So if you think you'd ride more carefully, change your route or do anything differently in the two scenarios then it should be obvious why not wearing hi-vis isn't quite as stupid as first appears. People not wearing hi-vis *think* they can't be seen. Those wearing it *assume* they can.

Re: Visibility: why are do so many riders in black

4 November 2014 - 7:29pm
It's that subtle difference between "I choose to do this" and "other people should do this". The latter obliges us non-believers to argue our case. If people stopped trying to insist that others wear the stuff then we could all go about our own business perfectly happily. Rest assured that we do not wish to take away your right to have hi-vis

Re: Visibility: why are do so many riders in black

4 November 2014 - 7:12pm
Ann Kennedy wrote:Yes every driver should drive at a speed that allows them to stop when they see a hazard ahead ... but sadly we don't live in that utopian world and there are stupid or just tired drivers on the roads. So why would you not increase your chances of being seen by wearing hi-viz when on your bike?? To me it is an issue of self-preservation rather than a question of whether drivers should drive better ...
It's an issue of self-preservation to me, but there's little evidence that hi-vis will preserve anyone. If you read the earlier messages above and on earlier pages, some people hypothesise how being seen a bit earlier might hurt as much as it helps.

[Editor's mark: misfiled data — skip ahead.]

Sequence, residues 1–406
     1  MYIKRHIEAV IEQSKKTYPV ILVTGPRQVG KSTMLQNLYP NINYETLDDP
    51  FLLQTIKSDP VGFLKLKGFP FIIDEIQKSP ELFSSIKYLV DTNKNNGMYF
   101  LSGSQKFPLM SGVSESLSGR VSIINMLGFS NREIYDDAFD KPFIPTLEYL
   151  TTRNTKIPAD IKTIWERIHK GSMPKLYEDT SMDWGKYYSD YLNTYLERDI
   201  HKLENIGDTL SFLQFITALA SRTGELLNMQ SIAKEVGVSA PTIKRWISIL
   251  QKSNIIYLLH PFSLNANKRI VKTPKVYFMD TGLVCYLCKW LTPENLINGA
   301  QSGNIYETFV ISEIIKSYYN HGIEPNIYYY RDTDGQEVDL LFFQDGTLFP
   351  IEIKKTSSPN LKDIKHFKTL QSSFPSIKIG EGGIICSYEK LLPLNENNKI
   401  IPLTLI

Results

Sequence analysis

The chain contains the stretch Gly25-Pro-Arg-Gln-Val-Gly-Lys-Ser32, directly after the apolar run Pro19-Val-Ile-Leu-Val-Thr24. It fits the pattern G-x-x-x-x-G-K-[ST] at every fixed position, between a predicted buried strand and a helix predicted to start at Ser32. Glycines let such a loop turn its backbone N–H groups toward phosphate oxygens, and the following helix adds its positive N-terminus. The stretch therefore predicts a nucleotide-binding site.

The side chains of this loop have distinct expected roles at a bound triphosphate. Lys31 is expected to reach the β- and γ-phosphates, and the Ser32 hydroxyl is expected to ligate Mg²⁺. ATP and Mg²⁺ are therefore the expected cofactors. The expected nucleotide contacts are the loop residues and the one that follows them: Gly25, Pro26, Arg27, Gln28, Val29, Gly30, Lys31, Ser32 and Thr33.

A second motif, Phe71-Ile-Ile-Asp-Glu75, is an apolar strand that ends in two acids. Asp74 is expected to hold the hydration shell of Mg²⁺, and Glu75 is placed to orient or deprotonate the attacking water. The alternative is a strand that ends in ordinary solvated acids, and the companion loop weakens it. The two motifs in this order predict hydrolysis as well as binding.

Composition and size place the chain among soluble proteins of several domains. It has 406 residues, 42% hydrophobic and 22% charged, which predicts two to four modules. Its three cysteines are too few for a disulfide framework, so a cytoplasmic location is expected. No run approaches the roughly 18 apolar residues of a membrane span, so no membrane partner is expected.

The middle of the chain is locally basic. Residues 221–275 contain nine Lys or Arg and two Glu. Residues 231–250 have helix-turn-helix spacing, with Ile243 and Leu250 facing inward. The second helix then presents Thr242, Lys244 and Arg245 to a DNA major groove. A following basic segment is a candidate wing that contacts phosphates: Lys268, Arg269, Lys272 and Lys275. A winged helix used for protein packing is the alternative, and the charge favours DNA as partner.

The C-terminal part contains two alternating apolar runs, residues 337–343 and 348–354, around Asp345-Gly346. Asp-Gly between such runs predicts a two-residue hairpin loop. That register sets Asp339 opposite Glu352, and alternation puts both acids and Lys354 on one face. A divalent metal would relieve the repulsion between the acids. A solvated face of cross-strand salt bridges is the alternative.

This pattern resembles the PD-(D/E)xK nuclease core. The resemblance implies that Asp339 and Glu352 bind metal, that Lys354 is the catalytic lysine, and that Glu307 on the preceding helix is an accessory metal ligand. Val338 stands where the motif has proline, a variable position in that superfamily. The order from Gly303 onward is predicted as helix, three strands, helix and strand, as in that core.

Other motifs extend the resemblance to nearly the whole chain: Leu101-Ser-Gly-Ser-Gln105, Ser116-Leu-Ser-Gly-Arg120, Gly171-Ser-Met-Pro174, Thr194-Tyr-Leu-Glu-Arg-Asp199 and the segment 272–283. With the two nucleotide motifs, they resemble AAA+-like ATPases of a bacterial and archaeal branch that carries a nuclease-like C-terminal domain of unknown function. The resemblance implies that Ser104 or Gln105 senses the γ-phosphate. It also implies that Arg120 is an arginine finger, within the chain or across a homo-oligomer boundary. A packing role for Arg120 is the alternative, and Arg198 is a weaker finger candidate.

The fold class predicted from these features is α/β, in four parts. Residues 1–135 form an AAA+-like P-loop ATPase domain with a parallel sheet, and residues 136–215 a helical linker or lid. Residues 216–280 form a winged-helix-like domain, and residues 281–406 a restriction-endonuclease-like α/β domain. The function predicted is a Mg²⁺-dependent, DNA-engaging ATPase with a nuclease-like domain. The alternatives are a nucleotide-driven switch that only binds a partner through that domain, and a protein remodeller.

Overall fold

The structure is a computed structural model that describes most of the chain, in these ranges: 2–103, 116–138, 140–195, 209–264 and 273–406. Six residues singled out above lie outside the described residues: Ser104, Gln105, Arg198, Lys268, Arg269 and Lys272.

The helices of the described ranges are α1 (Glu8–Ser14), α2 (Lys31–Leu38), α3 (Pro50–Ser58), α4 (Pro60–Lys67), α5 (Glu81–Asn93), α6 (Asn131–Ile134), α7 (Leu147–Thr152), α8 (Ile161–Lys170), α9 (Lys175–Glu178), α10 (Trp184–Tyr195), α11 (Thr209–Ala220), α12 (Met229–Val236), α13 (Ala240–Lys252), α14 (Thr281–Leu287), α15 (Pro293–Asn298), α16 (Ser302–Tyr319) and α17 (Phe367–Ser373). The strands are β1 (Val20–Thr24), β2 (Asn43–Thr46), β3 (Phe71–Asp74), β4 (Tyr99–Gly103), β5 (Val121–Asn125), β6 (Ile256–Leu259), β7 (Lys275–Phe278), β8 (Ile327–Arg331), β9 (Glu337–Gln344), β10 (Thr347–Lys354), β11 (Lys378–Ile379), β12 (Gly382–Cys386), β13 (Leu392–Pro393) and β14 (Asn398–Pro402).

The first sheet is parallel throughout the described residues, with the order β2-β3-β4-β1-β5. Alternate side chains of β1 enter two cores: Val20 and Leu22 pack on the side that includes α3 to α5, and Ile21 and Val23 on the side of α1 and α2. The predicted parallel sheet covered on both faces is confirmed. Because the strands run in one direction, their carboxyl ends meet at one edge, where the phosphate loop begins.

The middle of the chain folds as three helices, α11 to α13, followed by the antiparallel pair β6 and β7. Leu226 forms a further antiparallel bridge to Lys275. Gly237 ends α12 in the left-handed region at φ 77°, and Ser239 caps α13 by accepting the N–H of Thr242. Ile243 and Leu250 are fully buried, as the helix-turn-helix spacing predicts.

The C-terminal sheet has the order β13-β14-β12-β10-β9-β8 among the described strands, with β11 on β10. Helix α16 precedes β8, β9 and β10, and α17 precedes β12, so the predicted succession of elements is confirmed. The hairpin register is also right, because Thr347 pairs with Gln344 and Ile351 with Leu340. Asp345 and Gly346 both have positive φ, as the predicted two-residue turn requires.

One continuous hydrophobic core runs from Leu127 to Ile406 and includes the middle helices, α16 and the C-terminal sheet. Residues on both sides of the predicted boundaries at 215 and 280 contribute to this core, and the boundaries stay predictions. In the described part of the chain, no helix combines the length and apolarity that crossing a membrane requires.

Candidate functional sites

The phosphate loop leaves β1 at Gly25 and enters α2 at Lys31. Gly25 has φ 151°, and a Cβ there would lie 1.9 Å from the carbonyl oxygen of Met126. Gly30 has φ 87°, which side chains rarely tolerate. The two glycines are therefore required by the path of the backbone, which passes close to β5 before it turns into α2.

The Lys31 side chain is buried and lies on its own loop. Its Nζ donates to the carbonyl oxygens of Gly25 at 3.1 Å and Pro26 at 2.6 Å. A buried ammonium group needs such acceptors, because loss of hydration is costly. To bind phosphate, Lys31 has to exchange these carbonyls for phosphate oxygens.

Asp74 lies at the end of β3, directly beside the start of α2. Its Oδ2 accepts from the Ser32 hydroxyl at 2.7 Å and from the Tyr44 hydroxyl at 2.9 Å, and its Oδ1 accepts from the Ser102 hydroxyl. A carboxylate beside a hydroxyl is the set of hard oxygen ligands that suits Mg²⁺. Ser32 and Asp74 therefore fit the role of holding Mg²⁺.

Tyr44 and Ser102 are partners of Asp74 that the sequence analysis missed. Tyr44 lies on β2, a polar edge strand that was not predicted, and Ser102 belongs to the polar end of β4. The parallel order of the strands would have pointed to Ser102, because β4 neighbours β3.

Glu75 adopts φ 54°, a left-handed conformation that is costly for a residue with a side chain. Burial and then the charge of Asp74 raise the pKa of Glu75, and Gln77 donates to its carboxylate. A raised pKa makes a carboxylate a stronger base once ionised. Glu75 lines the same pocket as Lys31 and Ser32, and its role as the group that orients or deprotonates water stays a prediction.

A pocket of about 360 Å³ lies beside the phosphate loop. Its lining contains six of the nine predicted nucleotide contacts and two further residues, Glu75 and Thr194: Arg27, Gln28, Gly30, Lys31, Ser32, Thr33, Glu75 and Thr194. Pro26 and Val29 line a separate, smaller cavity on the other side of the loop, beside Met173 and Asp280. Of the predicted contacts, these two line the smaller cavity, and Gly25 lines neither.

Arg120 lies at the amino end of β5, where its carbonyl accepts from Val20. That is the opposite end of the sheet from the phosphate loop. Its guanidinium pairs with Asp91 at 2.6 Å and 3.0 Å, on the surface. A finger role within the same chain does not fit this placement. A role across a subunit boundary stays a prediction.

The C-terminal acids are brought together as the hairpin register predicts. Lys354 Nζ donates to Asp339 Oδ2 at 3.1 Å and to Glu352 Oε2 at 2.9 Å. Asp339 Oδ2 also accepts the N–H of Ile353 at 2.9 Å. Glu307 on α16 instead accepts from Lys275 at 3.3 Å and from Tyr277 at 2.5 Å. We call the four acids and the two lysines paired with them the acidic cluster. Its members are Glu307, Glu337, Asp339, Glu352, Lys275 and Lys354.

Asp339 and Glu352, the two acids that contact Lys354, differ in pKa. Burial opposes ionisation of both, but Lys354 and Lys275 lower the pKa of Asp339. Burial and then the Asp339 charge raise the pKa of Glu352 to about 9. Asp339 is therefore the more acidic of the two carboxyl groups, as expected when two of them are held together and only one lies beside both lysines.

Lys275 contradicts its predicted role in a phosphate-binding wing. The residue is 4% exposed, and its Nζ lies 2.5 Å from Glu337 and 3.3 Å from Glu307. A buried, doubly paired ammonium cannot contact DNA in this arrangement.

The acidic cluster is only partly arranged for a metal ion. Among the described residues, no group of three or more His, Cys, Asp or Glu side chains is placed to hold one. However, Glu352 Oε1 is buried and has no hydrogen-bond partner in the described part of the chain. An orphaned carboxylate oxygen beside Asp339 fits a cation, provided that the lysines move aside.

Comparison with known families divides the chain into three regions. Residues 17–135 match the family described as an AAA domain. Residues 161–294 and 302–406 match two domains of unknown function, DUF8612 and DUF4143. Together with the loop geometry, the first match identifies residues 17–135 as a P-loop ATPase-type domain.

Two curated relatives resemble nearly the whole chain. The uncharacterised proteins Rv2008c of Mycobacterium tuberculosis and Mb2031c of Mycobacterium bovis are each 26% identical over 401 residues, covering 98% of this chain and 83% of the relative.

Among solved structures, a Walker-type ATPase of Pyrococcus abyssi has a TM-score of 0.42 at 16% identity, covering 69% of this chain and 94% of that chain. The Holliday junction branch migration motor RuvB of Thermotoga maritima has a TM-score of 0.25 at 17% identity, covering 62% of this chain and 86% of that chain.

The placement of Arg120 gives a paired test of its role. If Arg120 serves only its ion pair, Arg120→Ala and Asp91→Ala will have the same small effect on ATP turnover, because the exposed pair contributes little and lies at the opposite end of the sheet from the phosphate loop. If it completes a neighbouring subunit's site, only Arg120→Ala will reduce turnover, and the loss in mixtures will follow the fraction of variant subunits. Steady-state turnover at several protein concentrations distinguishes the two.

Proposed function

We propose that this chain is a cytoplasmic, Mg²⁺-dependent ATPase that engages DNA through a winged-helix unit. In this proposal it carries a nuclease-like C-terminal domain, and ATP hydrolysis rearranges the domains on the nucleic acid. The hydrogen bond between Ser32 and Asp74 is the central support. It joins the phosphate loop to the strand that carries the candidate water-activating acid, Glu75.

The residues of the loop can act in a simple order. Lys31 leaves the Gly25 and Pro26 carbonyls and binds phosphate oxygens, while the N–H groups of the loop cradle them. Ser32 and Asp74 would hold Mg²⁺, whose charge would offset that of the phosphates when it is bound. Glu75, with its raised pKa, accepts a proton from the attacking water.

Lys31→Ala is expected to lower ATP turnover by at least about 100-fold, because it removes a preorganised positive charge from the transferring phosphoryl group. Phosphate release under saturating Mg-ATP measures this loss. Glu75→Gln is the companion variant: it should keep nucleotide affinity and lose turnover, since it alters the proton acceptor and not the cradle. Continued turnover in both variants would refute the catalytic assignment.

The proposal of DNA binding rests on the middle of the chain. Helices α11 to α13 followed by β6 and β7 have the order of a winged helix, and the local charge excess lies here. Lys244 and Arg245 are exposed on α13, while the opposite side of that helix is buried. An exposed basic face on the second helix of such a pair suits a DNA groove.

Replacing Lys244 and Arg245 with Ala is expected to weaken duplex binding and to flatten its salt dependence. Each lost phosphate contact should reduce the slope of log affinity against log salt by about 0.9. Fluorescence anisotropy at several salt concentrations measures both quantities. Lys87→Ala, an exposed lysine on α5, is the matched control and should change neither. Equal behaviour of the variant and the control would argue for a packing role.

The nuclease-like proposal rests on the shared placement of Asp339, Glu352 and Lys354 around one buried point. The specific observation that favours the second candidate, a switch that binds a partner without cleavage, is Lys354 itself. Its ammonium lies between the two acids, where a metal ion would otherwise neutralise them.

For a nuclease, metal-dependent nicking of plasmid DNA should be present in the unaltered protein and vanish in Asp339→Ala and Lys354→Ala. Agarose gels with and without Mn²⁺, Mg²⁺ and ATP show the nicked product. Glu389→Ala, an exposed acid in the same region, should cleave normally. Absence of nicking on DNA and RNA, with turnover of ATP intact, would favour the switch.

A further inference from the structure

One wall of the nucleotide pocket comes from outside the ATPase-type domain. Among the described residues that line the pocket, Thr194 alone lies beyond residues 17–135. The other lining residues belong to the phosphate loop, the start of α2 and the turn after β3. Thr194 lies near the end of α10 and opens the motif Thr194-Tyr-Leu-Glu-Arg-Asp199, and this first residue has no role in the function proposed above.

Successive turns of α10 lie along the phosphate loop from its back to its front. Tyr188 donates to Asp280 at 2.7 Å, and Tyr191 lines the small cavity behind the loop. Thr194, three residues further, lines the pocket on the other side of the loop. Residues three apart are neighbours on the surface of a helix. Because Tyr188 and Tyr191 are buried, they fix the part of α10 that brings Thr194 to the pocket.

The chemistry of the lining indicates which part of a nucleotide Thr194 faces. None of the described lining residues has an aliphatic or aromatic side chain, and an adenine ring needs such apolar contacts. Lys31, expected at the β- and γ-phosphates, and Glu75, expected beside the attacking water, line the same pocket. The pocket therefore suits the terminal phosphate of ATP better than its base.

And i am also a driver and last winter had a very nasty close shave whilst driving - I was stationary in the road, waiting to turn right on a dark and wet night - I just did not see the idiot on a bike in black and with no lights until the very last minute ... we missed each other but it was a matter of inches and i got quite a scare!
Why were you trying to see him with no lights? Turn them on!

More seriously: no-one is arguing that riding an unlit bike at night is a good idea, but it's still only a factor in 2% of collisions. Focus on the bigger source of dangers: bad drivers.

Re: Pushing a bike on a footpath.

4 November 2014 - 7:00pm
Should anybody wish to read Mathias in full it's linked from here: viewtopic.php?f=6&t=85109&start=15#p766399

Crank v Brooks: viewtopic.php?f=6&t=58598#p494460

Re: Visibility: why are do so many riders in black

4 November 2014 - 6:54pm
Yes every driver should drive at a speed that allows them to stop when they see a hazard ahead ... but sadly we don't live in that utopian world and there are stupid or just tired drivers on the roads. So why would you not increase your chances of being seen by wearing hi-viz when on your bike?? To me it is an issue of self-preservation rather than a question of whether drivers should drive better ...

I am also a horse rider and always wear hi viz and a helmet when on horseback or on bike ... research shows that cars see horseriders with hi-viz 3 seconds earlier than those without ... not much but it's quite a bit of braking distance.